The growing abundance of shale gas and liquids production is leading to a “paradigm shift” in the global oilfield services industry that should lead to business growth over the next two years, especially in the U.S. land market, FBR Capital analysts said in a new report.

Analysts looked at the worldwide implications for the service industry because of massive shale development. In addition, they looked at the growing availability of sophisticated oil services, as well as accelerated exploration and production (E&P) spending.

“The growing abundance of shale gas and liquids, the continued pursuit of oil in increasingly complex environments, and a rapid escalation of service intensity cannot be understood within the constraints of normal energy industry cyclicality,” the analysts noted. “Our expectation is that the current industry environment will be broadly to the benefit of oil service providers, but we expect upside to most surprise investors in the U.S. land market, especially stimulation and related services.”

A “long-run secular trend” toward more service intensity, and thus expanding margins, is expected for several reasons.

E&Ps, the report noted, increasingly have moved toward oil development “in hostile environments requiring specialized service treatment, and in order to meet such demanding expectations, service companies are employing increasingly sophisticated technologies. Additionally, the development of shale resources, first in the U.S. and then internationally, should prove to be a service-intensive, margin-enhancing activity.”

Expanding international margins because of increased oilfield services work were expected to drive value in 2011, the FBR analysts noted. However, “we also see strong prospects in the North American land market due to U.S. liquids-focused investment.”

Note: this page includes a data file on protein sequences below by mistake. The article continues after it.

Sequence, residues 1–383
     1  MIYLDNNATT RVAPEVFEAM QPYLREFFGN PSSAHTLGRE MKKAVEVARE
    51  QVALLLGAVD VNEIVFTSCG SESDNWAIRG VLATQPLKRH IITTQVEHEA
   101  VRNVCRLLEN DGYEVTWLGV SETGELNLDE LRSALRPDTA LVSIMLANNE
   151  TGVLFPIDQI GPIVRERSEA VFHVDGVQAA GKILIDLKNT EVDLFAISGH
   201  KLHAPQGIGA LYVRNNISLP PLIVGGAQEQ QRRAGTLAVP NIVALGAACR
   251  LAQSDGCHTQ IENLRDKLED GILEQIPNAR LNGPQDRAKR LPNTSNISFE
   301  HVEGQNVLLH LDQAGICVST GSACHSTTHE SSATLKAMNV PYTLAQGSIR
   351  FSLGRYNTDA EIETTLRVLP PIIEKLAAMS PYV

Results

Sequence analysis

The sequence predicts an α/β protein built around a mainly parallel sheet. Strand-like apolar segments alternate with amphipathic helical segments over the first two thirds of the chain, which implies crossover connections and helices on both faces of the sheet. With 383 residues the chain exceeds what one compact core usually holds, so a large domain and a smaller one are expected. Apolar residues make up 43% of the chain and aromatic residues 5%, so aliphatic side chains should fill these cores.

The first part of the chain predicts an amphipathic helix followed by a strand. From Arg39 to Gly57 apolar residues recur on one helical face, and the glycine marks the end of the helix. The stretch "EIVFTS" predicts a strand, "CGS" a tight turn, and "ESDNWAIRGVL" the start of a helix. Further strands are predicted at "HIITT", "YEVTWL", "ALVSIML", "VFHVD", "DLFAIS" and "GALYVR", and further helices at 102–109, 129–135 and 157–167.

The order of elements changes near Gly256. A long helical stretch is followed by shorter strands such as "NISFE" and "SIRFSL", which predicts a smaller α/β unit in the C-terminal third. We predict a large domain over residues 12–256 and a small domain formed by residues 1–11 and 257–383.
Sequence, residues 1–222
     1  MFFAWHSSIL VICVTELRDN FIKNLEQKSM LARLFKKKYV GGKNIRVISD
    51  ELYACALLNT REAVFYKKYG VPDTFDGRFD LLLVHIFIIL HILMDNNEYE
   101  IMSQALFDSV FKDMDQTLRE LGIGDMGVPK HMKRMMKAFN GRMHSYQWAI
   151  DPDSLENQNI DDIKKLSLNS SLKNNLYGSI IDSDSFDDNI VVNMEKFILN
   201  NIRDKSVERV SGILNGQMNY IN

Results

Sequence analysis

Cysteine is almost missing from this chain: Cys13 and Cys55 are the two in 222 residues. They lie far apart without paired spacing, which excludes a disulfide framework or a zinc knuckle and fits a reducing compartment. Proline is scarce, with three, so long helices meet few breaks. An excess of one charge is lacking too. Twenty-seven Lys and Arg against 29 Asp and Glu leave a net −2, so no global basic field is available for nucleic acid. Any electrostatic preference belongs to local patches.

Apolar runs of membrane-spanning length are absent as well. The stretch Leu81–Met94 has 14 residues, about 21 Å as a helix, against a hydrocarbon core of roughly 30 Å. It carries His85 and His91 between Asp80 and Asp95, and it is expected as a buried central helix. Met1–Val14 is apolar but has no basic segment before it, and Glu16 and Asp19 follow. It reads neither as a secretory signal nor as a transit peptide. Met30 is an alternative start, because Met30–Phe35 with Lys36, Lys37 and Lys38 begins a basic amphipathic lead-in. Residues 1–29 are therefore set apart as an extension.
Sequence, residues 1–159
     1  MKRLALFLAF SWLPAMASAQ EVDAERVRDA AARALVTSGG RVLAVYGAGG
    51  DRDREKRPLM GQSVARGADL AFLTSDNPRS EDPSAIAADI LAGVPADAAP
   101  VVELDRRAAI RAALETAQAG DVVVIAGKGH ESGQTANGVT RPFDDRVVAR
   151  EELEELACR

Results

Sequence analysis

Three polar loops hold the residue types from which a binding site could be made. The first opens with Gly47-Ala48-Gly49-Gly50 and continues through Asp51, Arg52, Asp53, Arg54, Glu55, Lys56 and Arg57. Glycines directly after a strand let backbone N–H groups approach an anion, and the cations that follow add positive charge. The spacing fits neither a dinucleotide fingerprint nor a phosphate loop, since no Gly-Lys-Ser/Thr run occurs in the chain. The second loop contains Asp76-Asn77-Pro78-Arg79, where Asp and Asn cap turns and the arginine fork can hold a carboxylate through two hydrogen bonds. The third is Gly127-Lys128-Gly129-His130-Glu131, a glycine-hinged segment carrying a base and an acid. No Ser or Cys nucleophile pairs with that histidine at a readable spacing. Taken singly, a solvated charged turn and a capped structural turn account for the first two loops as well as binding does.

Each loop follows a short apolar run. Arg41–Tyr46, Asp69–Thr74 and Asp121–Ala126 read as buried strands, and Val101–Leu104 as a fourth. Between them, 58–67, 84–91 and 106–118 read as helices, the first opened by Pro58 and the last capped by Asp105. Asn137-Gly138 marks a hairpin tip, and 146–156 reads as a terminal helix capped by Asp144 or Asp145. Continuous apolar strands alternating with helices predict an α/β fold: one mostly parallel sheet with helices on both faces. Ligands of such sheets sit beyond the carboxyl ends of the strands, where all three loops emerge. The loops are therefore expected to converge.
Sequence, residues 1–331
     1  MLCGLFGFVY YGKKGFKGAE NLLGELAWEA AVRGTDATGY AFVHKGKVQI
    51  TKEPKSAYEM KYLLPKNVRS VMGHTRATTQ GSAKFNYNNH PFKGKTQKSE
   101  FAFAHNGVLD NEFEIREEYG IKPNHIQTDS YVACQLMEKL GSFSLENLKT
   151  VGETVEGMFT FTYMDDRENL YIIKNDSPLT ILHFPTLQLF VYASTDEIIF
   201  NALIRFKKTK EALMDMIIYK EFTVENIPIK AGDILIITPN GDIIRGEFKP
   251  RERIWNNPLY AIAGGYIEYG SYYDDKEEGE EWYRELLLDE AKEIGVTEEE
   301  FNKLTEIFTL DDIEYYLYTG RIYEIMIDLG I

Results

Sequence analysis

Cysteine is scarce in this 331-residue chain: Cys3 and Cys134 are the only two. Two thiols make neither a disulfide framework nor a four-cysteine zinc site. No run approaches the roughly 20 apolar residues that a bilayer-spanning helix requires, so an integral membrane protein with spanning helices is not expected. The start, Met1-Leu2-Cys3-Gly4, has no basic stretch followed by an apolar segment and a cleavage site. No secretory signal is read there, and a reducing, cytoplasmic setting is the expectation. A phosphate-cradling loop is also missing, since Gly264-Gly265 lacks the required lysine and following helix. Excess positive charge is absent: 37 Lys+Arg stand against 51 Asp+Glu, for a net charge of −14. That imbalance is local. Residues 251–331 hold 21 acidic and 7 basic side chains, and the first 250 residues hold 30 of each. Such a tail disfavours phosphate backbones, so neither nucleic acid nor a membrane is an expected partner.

Some investors expect the U.S. land services market to peak this year, but the FBR analysts think otherwise. A supply/demand review “suggests that the U.S. fracturing business will remain healthy as the drop in U.S. dry gas-basin rig count will be offset by increased investment in liquids-rich plays. Wells drilled in these liquids-rich plays will continue to enjoy superior economics to dry gas for as long as the crude-to-gas price ratio is high.”

Even though gas markets currently are oversupplied, the move by E&Ps to a mix of heavier hydrocarbons with more condensate, natural gas liquids and increasingly crude oil “causes liquids-rich production to, in most cases, correlate more closely” with West Texas Intermediate crude prices than gas, which preserves the well economics.

Strong earnings results overall by the oilfield services group in 4Q2010 are forecast to continue through 2012 “based on strength in U.S. land and expansion of international margins…North American land was particularly strong this quarter, which lays the foundation for what we believe will be dynamic growth in the segment going forward.”

In addition, the analysts estimated that service operators will increase capacity by 37% this year and 27% in 2012, but the changing mix in production and “modest” rig count growth will cause demand to outstrip supply over the next two years.

“We expect the backlog of drilled but uncompleted wells to grow through 2011 and start to flatten out in 2012.”